On December 16, 2003, reports Brian Basinger, God spoke to him in a dream, saying, ‘You must organize housing for people with AIDS.’ Basinger complied, and the AIDS Housing Alliance of San Francisco has been in operation ever since.
Or at least, that’s how he tells it. Activist Brian Basinger credits divine intervention for his accomplishments, but it’s clear that he too played a part. Basinger is a dynamo. As he speaks, his eyes flicker animatedly behind bottle-green glasses; he gestures, and leaps up readily from his chair to demonstrate points. He does not look like a man with a terminal illness.
Basinger is HIV-positive, and so is his boyfriend, James Nykolay. In 2002, Nykolay was immobile and underweight, living in a decrepit apartment with no kitchen and no phone. Every day Basinger, himself “skin and bones”, would hike up the street to bring Nykolay meals. “He couldn’t get Project Open Hand meals delivered, because he had no freezer to put them in,” he recalls. “We couldn’t even plug in a hot plate, because it would blow out the electrical system.” Basinger shakes his head. “This city’s idea of AIDS housing is to put someone in a crack hotel.”
Eventually, Nykolay escaped his miserable flat and moved into Basinger’s Pearl Street building, a gay safe haven ravaged by AIDS. “I was the last of thirty gay men alive there,” Basinger says – including the building’s original owner, Jack Hamm, who he remembers affectionately as “the Mother of Pearl.” But in 1997, Hamm was succeeded by a new owner, one who saw Basinger as an obstacle to dot-com-era profits.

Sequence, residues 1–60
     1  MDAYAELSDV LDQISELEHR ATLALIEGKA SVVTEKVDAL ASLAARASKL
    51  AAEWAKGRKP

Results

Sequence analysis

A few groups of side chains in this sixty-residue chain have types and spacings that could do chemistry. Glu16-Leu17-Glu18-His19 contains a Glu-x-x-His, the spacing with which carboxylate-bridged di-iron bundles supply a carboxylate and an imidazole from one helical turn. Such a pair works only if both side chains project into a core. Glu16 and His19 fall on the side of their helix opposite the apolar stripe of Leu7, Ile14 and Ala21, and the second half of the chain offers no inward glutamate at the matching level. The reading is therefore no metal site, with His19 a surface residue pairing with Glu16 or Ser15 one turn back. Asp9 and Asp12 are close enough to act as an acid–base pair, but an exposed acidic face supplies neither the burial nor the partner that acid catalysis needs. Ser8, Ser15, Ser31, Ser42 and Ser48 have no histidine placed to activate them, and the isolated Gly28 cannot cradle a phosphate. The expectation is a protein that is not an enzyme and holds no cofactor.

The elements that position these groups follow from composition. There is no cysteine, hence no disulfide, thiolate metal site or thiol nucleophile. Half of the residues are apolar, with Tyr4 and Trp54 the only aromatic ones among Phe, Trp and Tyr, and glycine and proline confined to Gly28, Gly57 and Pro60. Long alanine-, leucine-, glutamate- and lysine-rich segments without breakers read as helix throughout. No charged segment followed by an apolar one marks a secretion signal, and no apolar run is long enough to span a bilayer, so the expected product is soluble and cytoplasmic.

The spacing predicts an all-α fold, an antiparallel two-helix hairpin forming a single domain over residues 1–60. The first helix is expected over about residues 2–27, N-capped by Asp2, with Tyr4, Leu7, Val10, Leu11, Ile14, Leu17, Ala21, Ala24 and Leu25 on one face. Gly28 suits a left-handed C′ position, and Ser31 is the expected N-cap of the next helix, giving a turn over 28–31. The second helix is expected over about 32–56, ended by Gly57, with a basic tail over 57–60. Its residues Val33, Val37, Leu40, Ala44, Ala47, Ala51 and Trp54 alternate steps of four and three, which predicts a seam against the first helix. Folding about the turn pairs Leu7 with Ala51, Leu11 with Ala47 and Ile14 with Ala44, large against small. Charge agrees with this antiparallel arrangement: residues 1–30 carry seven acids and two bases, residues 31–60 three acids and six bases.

“She was planning on selling the building,” reports Basinger, “and she was bent on evicting me . After I got sick, she thought I’d be too weak to defend myself.” The landlord refused to accept Nykolay’s Section 8 voucher, and taunted him, saying she’d evict Nykolay once his boyfriend died. Basinger isn’t one to back down from a fight, but he was tired of living under threat – especially threats to Nykolay. Together, the two struck out to find a new apartment.
“Naively, I thought it would be easy,” remarks Basinger, raising an eyebrow. For five months, the two men trekked through the city, looking for housing. Few San Francisco landlords wanted to take on the couple, not only because of their HIV status, but also because of Nykolay’s Section 8 housing voucher – one that he’d lose if they didn’t find housing within the next month. Still worse, both men were gravely ill.
“We were on our deathbeds,” recalls Basinger. “James only had one pair of shoes, and he’d put Safeway bags on his shoes with rubber bands, and we’d go walking from one apartment to the next. He has myelopathy [spinal cord disorders] and neuropathy [severe nerve pain]. I was spiking fevers . and he was on OxyContin, over a gram a day, for the pain. The moment he sat down, he’d fall asleep from the medication and the exhaustion.” He smiles fondly, a survivor’s smile. “I’d have to kick him under the table, just to keep him awake.”
Basinger was “flabbergasted” by how difficult it was to find housing, especially given his relative advantages. “We had all these things going for us,” he marvels. “I’m white. I’m college-educated . I’m driven as hell. My boyfriend is handsome, and we were in a strong, committed relationship, to provide the moral support to keep pounding the pavement.” He shakes his head. “And if we were having this kind of problem? I thought, ‘I can’t imagine what the others are going through.'”